A North Sea contractor has narrowly avoided jail after swindling two oil and gas firms out of almost £34,000.
David Foster’s oil services company went into liquidation in April 2011 leaving him no longer registered to pay the tax.
However, the 58-year-old continued to trade.
Over 16 months, he submitted 34 separate invoices asking Offshore Marine Contractors Limited and Interocean Marine Services Limited to pay VAT – but kept the money for himself.
In total he fraudulently took £33,836 from the two firms, not declaring any of it to HM Revenue and Customs (HMRC).
Yesterday Foster appeared at Aberdeen Sheriff Court and admitted carrying out the scheme between March 16, 2011 and July 16 the following year.
The court heard that on the invoices Foster submitted to the companies he stated he was entitled to charge VAT for the services he had provided them.
He also “pretended” to the companies that he was registered for VAT when he was de-registered on April 4, 2011.
As a result he claimed he was charging Offshore Marine Contractors Limited £20,610 in VAT and Interocean Marine Services Ltd £13,226 in tax, when he was pocketing the cash himself.
Fiscal depute Anne MacDonald said it was a “scheme repeatedly used to deliberately set out to deceive”.
She said the fact Foster, Home Farm Cottages, Durris, submitted numerous invoices asking the companies to pay him VAT showed he knew exactly what he was doing.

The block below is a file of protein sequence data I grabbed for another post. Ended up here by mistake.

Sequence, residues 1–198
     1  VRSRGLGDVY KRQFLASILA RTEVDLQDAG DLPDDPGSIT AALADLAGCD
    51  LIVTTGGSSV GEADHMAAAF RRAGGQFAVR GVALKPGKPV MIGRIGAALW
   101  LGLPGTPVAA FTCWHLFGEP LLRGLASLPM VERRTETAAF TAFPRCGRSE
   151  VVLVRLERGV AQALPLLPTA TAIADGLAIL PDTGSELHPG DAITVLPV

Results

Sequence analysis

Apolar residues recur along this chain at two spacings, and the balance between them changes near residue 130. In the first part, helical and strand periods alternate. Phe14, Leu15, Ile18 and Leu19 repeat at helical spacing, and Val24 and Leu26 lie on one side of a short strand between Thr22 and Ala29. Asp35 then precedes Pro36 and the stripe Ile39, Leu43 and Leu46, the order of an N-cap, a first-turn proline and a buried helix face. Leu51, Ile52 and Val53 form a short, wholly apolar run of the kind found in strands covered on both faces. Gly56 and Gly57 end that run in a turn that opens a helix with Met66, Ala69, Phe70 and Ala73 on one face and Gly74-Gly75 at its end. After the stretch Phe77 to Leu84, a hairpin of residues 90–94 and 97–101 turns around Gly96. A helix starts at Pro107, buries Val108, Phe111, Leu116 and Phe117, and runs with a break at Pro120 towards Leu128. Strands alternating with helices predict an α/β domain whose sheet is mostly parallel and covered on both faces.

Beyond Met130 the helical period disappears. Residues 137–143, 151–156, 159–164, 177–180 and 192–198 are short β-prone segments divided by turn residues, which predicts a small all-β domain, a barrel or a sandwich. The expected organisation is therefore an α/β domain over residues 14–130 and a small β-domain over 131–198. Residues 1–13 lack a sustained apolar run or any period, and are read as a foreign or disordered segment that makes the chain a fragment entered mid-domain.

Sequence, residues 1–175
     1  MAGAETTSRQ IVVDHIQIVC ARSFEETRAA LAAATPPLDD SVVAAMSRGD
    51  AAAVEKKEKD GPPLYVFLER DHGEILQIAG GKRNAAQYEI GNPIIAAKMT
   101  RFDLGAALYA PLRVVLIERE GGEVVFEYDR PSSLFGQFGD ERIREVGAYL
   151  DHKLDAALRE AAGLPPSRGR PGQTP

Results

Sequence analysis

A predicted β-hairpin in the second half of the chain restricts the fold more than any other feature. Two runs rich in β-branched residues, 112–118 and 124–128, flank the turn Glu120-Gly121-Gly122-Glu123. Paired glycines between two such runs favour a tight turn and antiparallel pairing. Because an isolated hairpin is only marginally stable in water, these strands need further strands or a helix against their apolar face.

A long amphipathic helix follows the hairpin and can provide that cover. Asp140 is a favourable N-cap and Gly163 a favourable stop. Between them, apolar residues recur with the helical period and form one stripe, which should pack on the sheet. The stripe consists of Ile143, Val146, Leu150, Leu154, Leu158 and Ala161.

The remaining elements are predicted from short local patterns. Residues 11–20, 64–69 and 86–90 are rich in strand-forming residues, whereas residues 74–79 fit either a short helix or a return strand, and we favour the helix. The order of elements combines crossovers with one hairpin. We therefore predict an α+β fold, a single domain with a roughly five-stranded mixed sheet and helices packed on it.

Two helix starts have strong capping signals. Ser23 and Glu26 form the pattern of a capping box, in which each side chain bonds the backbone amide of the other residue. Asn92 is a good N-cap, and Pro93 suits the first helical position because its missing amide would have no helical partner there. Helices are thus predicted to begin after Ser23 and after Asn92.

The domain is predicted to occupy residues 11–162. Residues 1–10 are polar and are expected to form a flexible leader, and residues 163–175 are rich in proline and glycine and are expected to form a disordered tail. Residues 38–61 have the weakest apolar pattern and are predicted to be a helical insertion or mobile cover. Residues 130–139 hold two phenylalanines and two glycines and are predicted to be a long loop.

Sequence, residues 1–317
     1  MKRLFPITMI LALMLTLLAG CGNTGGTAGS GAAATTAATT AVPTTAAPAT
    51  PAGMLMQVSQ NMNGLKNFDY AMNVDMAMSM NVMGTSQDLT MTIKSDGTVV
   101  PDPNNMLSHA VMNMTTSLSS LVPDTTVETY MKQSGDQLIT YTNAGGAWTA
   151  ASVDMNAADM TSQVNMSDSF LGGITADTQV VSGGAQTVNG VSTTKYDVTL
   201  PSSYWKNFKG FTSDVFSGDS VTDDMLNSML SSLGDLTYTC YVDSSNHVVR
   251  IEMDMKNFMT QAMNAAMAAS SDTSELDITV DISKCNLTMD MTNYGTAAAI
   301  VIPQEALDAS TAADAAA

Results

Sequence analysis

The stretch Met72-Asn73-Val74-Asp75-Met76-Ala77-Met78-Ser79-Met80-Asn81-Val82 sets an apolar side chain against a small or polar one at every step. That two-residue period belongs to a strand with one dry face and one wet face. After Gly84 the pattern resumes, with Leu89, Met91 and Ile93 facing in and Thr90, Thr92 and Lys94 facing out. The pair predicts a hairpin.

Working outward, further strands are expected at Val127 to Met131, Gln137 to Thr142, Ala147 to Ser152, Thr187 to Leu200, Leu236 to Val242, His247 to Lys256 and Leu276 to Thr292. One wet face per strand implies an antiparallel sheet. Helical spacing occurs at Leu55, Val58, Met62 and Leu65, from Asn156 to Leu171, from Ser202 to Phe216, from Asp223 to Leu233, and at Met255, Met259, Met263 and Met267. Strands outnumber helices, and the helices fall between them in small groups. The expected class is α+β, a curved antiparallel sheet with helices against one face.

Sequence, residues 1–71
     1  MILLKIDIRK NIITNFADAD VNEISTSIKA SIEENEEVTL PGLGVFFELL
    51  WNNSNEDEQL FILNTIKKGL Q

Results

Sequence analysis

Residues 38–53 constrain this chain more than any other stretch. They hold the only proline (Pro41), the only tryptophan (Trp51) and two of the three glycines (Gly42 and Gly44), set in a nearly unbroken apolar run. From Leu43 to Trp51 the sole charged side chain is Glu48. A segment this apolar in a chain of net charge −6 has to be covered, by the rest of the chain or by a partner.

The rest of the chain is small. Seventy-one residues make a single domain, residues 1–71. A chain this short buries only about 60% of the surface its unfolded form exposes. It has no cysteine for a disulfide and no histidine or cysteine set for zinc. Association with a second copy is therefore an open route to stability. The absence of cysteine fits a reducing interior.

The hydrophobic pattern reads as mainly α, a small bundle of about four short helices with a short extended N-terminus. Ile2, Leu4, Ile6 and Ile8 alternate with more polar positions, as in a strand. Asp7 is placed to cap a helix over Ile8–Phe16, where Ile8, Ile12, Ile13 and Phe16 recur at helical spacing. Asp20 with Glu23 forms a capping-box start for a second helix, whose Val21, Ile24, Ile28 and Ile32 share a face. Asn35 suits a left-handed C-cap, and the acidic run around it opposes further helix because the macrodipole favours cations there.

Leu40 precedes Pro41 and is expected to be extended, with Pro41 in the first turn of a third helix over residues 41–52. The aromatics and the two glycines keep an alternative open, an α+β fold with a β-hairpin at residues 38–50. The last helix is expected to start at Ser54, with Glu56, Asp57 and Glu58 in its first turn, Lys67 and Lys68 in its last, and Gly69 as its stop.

However representing the offshore worker yesterday, solicitor David Sutherland said his client had used the money to pay off old debts.
He said he had not been swindling the firms in order to live a “lavish lifestyle”.
Mr Sutherland said his client had originally been registered to pay VAT before his firm, Foster Offshore Services Limited, went into liquidation.
He said he therefore expected to have to pay the VAT on the jobs he had since carried out at a later date.
Mr Sutherland said that as a result, Foster was planning to use the money he had fraudulently claimed to pay off this tax bill.
The lawyer said his client was “ashamed” of his behaviour and that he had started to repay money to HMRC.
Sheriff Graham Buchanan said that because Foster had not been swindling the companies out of money to live in the life of luxury he was willing to spare him a jail sentence.
He was ordered to carry out 270 hours of unpaid work in nine months.